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An idle hack

Alan Coopersmith
Senior Principal Software Engineer

An occasionally recurring question we get is how to tell how long an X session has been idle without having the xauth cookie to open a connection to the display. While thinking about this recently, I thought of a way to do it, if you have root access and can poke around in the X server process space.


Warning: The technique that follows is for educational & entertainment purposes only. It is not a supported interface, is subject to change or break at any time, and may not even work for you right now. Use at your own risk. Do not fold, spindle, or mutilate.


The X server keeps track internally of the time that it last saw an event from an input device such as a keyboard or mouse and uses this to determine when to blank the screen or remove power from the monitor, among other things. You can see these checks in the source code in Xserver/os/WaitFor.c (all the references here are to the open source Xorg code base - Xsun code in these areas is almost identical so it's close enough for reference). For instance, if you look at the function ScreenSaverTimeoutExpire, you'll see it calculate the time since the last event as:

    INT32 timeout = now - lastDeviceEventTime.milliseconds;
We simply need to duplicate this to determine the idle time of the current session.

The lastDeviceEventTime is a global variable, which means we can query it via the Solaris mdb debugger in a live process. It's defined as type TimeStamp which is:

typedef struct _TimeStamp {
    CARD32 months;      /* really ~49.7 days */
    CARD32 milliseconds;
}           TimeStamp;
CARD32 is an X type defined to be a 32-bit unsigned integer. So to get the value of lastDeviceEventTime.milliseconds we can use this mdb command which prints in decimal form the value of the 4-byte word that is 4 bytes after the address defined as lastDeviceEventTime:
# echo "lastDeviceEventTime+4/D" | mdb -p 5755
Xsun`lastDeviceEventTime+4:     1804124248
(5755 is the process id of the currently running Xsun process on this system.)

now represents the current time and is set earlier in WaitFor.c by calling GetTimeInMillis, which can be found in Xserver/os/utils.c, and is simply:

    struct timeval  tp;

    return(tp.tv_sec * 1000) + (tp.tv_usec / 1000);
We can replicate this in perl using the gettimeofday function provided in the Time::HiRes module provided in perl 5.8 (which means it's included in Solaris 10, but you need to provide it yourself for older versions). A perl one-liner that mimics the above function, including truncating to 32-bit (important when using a perl built with 64-bit integer support) is (formatted for readability - put this all on one line to run):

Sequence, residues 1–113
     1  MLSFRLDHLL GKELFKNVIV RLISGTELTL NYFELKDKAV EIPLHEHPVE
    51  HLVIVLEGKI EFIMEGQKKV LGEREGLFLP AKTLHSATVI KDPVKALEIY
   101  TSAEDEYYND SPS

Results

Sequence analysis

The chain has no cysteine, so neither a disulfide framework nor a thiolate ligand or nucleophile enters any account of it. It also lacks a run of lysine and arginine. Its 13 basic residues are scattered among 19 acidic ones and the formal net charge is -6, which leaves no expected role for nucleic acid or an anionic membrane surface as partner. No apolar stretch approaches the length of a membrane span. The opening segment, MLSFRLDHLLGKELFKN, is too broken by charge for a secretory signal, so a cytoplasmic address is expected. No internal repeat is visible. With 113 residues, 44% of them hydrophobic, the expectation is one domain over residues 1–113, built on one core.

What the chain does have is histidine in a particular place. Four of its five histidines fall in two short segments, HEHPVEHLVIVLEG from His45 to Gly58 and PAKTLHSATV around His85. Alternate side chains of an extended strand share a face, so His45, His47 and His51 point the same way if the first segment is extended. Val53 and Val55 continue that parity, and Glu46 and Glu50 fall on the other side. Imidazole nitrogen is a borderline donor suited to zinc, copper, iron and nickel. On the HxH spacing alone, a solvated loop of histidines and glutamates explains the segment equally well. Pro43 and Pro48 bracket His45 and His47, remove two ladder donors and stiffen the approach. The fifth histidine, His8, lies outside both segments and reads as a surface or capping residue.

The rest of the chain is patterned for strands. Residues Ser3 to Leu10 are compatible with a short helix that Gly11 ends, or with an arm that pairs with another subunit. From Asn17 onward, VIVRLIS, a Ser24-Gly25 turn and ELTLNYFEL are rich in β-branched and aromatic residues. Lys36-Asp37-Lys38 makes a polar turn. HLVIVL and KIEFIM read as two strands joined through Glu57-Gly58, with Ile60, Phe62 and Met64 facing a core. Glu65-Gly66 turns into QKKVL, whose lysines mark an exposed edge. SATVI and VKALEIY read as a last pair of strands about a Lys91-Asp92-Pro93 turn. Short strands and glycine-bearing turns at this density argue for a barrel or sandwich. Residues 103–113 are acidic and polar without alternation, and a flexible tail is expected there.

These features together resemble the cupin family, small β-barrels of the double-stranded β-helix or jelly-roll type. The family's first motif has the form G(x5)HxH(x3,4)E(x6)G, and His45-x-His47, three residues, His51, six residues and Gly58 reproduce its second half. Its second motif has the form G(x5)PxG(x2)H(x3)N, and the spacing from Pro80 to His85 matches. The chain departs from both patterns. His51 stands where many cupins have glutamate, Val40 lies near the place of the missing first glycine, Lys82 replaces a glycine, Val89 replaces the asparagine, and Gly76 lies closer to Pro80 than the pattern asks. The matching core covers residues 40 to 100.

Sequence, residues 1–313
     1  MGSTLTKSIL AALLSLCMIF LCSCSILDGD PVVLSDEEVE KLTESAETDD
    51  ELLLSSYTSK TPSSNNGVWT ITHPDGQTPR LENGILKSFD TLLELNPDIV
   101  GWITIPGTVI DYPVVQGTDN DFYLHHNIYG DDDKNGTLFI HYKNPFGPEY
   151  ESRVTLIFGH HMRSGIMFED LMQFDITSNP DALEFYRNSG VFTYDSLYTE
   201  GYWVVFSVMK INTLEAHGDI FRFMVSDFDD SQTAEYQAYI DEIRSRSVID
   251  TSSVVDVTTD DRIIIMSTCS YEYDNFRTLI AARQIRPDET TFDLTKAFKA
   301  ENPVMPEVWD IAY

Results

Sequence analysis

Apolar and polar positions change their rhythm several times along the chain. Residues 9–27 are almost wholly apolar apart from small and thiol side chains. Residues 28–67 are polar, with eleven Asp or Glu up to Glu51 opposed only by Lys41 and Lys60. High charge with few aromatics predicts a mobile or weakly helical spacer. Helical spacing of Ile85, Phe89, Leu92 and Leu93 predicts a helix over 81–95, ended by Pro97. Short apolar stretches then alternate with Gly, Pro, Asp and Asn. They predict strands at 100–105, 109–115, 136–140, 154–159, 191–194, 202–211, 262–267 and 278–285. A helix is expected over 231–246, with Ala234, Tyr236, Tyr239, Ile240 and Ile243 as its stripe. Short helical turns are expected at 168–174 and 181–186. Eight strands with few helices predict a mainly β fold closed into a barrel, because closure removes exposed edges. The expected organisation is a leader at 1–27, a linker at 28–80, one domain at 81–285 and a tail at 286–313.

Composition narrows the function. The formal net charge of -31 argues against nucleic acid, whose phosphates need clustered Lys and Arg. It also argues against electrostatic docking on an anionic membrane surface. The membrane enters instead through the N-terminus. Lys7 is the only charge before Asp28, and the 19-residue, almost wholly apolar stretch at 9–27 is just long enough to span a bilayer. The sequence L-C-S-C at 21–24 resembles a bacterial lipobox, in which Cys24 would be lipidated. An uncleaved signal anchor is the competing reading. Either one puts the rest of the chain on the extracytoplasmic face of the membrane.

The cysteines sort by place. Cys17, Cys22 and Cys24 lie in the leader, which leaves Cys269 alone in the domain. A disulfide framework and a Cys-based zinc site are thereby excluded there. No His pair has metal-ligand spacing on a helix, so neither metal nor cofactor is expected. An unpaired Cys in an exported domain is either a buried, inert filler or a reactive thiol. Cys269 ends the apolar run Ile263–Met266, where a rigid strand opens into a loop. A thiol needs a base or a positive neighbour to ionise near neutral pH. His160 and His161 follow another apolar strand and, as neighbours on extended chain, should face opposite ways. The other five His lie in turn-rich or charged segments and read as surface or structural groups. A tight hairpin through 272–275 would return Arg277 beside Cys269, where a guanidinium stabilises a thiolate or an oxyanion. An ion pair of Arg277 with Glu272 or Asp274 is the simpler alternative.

perl -MTime::HiRes -e '
	use integer;
	@t = Time::HiRes::gettimeofday(); 
	print ( ($t[0]*1000 + $t[1]/1000) % 0x100000000 ); 
	print "\n";'

Now we just need to subtract the lastEventDeviceTime we got from mdb with the current time we got from gettimeofday, which in a burst of barely readable perl code looks like:

echo "lastDeviceEventTime+4/D" | mdb -p process_id | perl -MTime::HiRes -n -e '
      use integer; 
      @t = Time::HiRes::gettimeofday(); 
      @l = split /\:/, $_; 
      $i = ((($t[0]*1000 + $t[1]/1000) % 0x100000000) - $l[1]); 
      print $i/1000 . " seconds since last device event \n";'


Running on the test system next to me:
# echo "lastDeviceEventTime+4/D" | mdb -p 5755 | perl -MTime::HiRes -n -e 'use integer; @t=Time::HiRes::gettimeofday(); @l=split /\:/, $_; $i = ((($t[0]*1000 + $t[1]/1000)%0x100000000) - $l[1]); print $i/1000 . " seconds since last device event \n";'
2212 seconds since last device event

[ hit a key on the keyboard and run again ]
# echo "lastDeviceEventTime+4/D" | mdb -p 5755 | perl -MTime::HiRes -n -e 'use integer; @t=Time::HiRes::gettimeofday(); @l=split /\:/, $_; $i = ((($t[0]*1000 + $t[1]/1000)%0x100000000) - $l[1]); print $i/1000 . " seconds since last device event \n";'
2 seconds since last device event

We have now picked the X server's brain and found out when it last heard from an input device. It's definitely messy, but scarily seems to work.

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Comments ( 3 )
  • Roland Mainz Wednesday, October 20, 2004
    Is there a variable/structure member which tracks the idle time of a single window or screen ?
  • Alan Coopersmith Wednesday, October 20, 2004
    Not that I'm aware of - as far as I know the X server just keeps track of the time since the last input event seen on any input device to the server.
  • Roland Mainz Thursday, October 21, 2004
    Is it possible to add a new variable to the server-internal |Window| structure to track such stuff or would that break the Xfree86/X.org DDX module ABI ?
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